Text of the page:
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Punks (2000)

You have no idea how long I have waited to see Patrick -Ian Polk’s first film, Punks. I have heard about this movie from a gay rag a decade ago that is now defunct. When Noah’s Arc was on air, people were wondering when will Punks come out on DVD, including myself. Apparently there was a problem with the distribution of the movie that halted the release of the film until it premiered on Logo this past weekend. Was it worth the wait? Yes.

The film follows a quartet of gay friends in West Hollywood. There is a celebration of  Hill’s (Dwight Ewell) 30th birthday, which is more poignant that he has HIV. Hill’s best friend, our protagonist, the hopeless romantic, sexually prudish photographer, Marcus (Seth Gilliam) catches Hill’s boyfriend of a year, Gilbert (Rudolf Martin) making out with another guy. Upset Hill breaks up the celebration and breaks up with Gilbert.

He moves in with Marcus. The other two friends, Chris (Jazzmun), the transgendered performer for their favorite hangout, Miss Smokie’s and the spoiled rich brat, Dante (Renoly Santiago) try to cheer up his spirits. Things become more murky when a fine black adonis moves into the house next door. The gang goes gaga over Darby (Rockmond Dunbar). Who shouldn’t they? He is easy on the eyes and has he shirt off, glistening muscles as he moves his boxes. The friends forcibly invited themselves over for dinner at Darby’s house.

During dinner, everybody was fawning over Darby, except for Marcus. Darby casually let it slip that he has a girlfriend in New York City. Their interest dashed they scatter like cockroaches in the light. Not Marcus. He is not like his friends. His friends could be a whores, but he is looking for love. Marcus is completely frigid about sex. He is paranoid about catching the HIV.

Darby and Marcus begins to form a solid friendship when they hang out at Darby’s studio. Darby is a record producer. Marcus wants Darby to be his next model for his photographs. during their time together, Marcus begins to form deeper feelings for Darby, but thins get more complicated when Darby’s girlfriend, Jennifer (Vanessa Williams) comes into town.

This was probably the first movie that have portrayed gay brown men that they do exist. They are not on the down low, which was very taboo and a dirty little secret back then. These four people are unapologetic about who they are as gay men.

I’m gonna go into a bit of a tangent about censorship. The movie premiered on Logo and I was shocked that certain words were bleeped. I understand that swear words would be bleeped out. That is understandable. I was surprised that the words “penis”, “anal”, “suck” were bleeped out, but “handjob” was perfectly fine. That really pissed me off. I’m done.

Judgment: I hope that they show this movie more to show that it’s okay to be a gay man of color.

Rating: 7.5/10


Noah’s Arc: Jumping the Broom (2008)

Now listen up. Life is the script, Noah. You’re the writer of your own life. It’s time to take control.

— Brandy

I was a big fan of the Logo television show Noah’s Arc for its short two season run when it was unceremoniously “cancelled”. (See this is why you suck now, Logo.) I was happy that the big screen version of the show, Noah’s Arc: Jumping the Broom was released in the fall of 2008. I wanted to see it, but it didn’t have a wide release. Boo.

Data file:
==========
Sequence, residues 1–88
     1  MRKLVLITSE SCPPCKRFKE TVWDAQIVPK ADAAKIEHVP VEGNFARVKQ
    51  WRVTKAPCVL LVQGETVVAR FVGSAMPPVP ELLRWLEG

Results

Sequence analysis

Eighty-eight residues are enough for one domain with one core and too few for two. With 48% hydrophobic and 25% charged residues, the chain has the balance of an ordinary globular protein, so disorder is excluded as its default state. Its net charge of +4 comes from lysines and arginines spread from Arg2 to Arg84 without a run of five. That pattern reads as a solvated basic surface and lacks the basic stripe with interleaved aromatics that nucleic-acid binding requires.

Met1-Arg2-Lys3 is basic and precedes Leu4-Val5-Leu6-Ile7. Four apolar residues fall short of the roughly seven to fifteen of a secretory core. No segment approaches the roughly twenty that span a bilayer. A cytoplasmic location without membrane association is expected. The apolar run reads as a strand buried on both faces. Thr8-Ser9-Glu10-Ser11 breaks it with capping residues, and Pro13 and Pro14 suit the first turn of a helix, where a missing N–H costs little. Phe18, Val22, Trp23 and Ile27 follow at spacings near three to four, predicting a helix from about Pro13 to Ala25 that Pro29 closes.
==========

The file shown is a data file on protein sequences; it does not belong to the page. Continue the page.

For the ninety percent of the population who don’t know about this show, let me give you a crash course. It’s the black gay version of Sex and the City. It follows four gay longtime friends: Noah (Darryl Stephens), the screenwriter and the central character of the group that has a unique sense of style. Next, is Alex (Rodney Chester), the outspoken divo of the group and HIV/AIDS advocate. There is Ricky (Christian Vincent), who is the manwhore of the group and owner of his own clothing store. Lastly there is the uptight patriarch of the group, Chance (Doug Spearman) who is a university professor.

The gang is in Martha’s Vineyard for the weekend, a long away from LA for the upcoming wedding of Noah and his boyfriend, Wade (Jensen Atwood) who were on/off throughout the series when a terrible accident changed things for the couple. Noah nursed Wade back to health between the season two finale and the start of this movie.

All of the friends are holed up in Wade’s family house, the Robinson House. Alex, Ricky and Chance are not hopeful about the speedy marriage between Noah and Wade, because of the accident.

Alex works himself into a tizzy coordinating the wedding that he has to take caffeine pills to keep up with demand. He skypes with his husband, Trey (Gregory Keith) who is at home with their newly adopted Ethiopian baby, Ojemodupe (Trevor Josiah Thomas) aka OJ.

Chance is having problems with his marriage to Eddie (Jonathan Julian) when one of Chance’s students, Brandon (Gary LeRoi Gray) who has a crush on him tags along with Ricky.

During their time in the house, the seeming stable relationships are thrown into turmoil when LA couldn’t stay their when Noah’s boss, Brandy (Jennia Fredrique) is constantly blowing up his phone asking for another rewrite of script starring a closted rapped named Baby Gat (Jason Steed) that is interested in Noah. He is the only one that is interested in him, Ricky is also harboring feelings for Noah ever since they first met from a failed hookup.

This movie is about being true to yourself, be true to who you love, be honest and all that mushy stuff. The movie is melodramatic with everybody’s relationship has to be in trouble to stretch out in order to fill a feature length movie, but I still enjoy it. I enjoyed that I had the chance to see this characters that I grown to love back together.

Judgment: I can’t recommend this movie unless you have seen both seasons before watching this.

Rating: ***1/2

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